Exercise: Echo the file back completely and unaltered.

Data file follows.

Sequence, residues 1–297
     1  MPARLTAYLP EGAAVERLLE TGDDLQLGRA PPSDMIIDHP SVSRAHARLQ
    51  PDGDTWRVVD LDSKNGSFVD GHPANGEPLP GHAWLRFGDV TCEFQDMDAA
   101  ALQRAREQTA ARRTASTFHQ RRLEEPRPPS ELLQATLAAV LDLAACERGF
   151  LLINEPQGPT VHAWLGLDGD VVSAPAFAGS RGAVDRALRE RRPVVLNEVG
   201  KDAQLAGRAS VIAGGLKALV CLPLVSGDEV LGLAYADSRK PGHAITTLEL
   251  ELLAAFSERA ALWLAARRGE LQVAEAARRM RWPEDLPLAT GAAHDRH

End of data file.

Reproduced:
Sequence, residues 1–297
     1  MPARLTAYLP EGAAVERLLE TGDDLQLGRA PPSDMIIDHP SVSRAHARLQ
    51  PDGDTWRVVD LDSKNGSFVD GHPANGEPLP GHAWLRFGDV TCEFQDMDAA
   101  ALQRAREQTA ARRTASTFHQ RRLEEPRPPS ELLQATLAAV LDLAACERGF
   151  LLINEPQGPT VHAWLGLDGD VVSAPAFAGS RGAVDRALRE RRPVVLNEVG
   201  KDAQLAGRAS VIAGGLKALV CLPLVSGDEV LGLAYADSRK PGHAITTLEL
   251  ELLAAFSERA ALWLAARRGE LQVAEAARRM RWPEDLPLAT GAAHDRH